At least New Orleans can pivot its offense to run the ball through Anthony Davis and Julius Randle. Those skilled bigs can distribute.

The Pelicans are in the middle of a tight playoff race. They have little margin for error, and this injury cuts deeply into it.

Report: Cavaliers GM Koby Altman told LeBron James they wouldn’t trade Kyrie Irving

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LeBron James told the Cavaliers not to trade Kyrie Irving last year. LeBron didn’t do anything to win over the point guard, who asked out. But LeBron still told Cleveland not to honor the request.

LeBron’s last message on the top went to Cavs general manager Koby Altman shortly before they dealt Irving to the Celtics.

Joe Vardon of The Athletic:

James was adamant on the call — do not trade Irving, especially to the Celtics. By the end of the call, according to four separate accounts of people present for the conversation, Altman told James the trade would not occur.

James suggested he didn’t feel he was lied to by Altman, so much as Altman was overruled by owner Dan Gilbert.

“You realize at that point in time, take nothing from Koby, because Koby (was just named GM), but at that point in time, you realize that Koby’s not the only one running the team, as (former GM David Griffin) had done, and that’s why Griff was let go pretty much,” James said.

Cavs front-office officials declined to be quoted for this story but disputed that Altman gave James any indication the trade would not occur. They also said Altman asked James whether he would commit to the Cavs long-term if Irving were not traded, and James said no.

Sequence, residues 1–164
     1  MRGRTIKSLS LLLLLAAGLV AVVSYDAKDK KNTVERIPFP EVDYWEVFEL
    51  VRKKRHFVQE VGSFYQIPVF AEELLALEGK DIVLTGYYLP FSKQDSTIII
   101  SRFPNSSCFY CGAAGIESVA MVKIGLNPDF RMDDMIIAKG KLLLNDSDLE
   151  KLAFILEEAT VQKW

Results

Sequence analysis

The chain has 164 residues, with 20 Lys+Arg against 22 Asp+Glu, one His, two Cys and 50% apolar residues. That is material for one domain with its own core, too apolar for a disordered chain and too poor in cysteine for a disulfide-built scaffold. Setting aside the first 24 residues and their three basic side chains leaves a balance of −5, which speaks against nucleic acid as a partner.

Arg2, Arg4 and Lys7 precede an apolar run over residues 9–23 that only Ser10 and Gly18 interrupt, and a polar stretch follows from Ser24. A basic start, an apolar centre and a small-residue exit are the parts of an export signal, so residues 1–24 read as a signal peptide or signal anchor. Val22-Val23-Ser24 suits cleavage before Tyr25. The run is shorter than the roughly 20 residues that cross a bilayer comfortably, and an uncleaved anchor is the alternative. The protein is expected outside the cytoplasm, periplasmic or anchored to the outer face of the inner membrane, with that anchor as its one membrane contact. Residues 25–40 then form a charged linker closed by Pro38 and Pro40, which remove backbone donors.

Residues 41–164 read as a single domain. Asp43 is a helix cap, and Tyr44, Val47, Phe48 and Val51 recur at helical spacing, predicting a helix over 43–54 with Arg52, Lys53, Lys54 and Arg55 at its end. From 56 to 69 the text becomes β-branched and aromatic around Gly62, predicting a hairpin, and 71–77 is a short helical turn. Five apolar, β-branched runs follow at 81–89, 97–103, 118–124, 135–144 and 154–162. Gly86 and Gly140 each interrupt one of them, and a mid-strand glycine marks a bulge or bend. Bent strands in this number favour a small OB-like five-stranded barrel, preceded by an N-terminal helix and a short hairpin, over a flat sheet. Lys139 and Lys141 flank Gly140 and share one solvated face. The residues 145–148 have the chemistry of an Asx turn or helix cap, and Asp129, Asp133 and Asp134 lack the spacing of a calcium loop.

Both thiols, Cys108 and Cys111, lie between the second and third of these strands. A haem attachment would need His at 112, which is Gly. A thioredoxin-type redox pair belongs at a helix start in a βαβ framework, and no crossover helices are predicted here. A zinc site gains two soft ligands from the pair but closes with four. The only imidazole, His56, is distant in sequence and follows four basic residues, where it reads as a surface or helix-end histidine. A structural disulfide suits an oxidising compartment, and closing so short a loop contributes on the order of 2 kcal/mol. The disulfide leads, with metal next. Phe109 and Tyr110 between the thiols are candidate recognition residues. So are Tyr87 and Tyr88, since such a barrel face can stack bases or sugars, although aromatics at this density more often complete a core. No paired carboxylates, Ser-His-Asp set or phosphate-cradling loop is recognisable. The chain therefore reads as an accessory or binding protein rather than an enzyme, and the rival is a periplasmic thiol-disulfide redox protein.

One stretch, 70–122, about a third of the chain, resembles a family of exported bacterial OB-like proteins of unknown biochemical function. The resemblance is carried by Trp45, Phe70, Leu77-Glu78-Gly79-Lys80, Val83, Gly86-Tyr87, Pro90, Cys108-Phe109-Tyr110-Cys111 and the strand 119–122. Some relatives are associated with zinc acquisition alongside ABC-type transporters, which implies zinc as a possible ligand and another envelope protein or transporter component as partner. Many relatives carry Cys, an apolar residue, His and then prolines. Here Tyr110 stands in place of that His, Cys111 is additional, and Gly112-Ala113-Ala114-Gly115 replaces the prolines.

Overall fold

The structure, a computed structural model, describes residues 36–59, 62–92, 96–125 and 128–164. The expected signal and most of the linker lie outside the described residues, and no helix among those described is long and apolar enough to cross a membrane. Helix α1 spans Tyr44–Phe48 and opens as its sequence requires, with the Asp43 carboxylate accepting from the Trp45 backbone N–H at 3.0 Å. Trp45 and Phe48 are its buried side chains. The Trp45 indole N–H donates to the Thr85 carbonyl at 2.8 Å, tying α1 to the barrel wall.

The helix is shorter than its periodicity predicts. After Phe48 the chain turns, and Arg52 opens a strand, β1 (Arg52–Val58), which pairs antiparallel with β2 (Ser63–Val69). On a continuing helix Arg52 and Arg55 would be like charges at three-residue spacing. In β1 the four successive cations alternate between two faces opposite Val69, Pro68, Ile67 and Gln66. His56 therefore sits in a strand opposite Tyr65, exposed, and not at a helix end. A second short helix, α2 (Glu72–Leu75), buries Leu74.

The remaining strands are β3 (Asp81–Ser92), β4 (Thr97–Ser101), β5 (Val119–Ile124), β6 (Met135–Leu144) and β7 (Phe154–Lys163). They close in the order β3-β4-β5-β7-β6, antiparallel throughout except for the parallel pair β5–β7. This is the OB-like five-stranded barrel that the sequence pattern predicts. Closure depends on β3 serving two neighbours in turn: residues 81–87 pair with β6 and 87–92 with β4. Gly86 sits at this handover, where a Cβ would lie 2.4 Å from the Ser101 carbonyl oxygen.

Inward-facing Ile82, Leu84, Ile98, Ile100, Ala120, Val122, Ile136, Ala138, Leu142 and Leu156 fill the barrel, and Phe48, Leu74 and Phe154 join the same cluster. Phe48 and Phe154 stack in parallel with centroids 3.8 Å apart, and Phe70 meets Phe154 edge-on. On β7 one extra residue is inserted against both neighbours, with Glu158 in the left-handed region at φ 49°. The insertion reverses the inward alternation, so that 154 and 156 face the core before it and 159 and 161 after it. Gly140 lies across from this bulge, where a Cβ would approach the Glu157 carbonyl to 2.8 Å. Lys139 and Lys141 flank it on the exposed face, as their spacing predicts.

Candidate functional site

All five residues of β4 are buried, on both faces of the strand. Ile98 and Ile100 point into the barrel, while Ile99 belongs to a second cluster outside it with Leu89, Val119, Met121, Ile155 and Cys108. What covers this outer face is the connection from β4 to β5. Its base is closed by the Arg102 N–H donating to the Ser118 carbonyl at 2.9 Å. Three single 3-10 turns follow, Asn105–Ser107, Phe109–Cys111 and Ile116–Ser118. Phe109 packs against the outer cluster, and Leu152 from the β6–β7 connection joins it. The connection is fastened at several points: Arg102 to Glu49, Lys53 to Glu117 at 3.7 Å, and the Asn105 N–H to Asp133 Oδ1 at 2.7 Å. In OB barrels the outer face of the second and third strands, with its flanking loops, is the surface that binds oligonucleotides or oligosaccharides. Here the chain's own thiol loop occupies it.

If he didn’t have the authority to keep Irving, Altman shouldn’t have said he would.

Maybe Altman didn’t know he lacked that authority. He was new in the job, after all. So, maybe his error was easily forgivable. But it sounds like an error, nonetheless.

The Cavaliers also didn’t necessarily err by trading Irving. The package they got proved problematic, but the concept of trading the disgruntled star had more merit to the team than LeBron. LeBron lasted only one more season in Cleveland, and it seems likely – though not certain – he would have left even if the Cavs listened to him on Irving. That meant, the Cavaliers could have been left without LeBron and trying to trade Irving in the final year of his contract, when his trade value would have been lower. LeBron might have just wanted to use Irving for one more playoff run then leave Cleveland holding the bag.

The communication issues are a bigger issue. It’s unclear how to divvy blame between Gilbert, Altman and LeBron, but that call ended with those three on different pages. And it doesn’t seem LeBron’s exit has fixed the problem in Cleveland. Since, the Cavs:

Again, it’s unclear whether Gilbert, Altman or others are the problem. But that’s a lot of disarray under Altman, and at a certain point, it’s his responsibility to ensure proper communication is flowing smoothly within the organization.

There are numerous reasons LeBron left for the Lakers. But it’s hard to overlook the Cavaliers’ crummy management in the last year.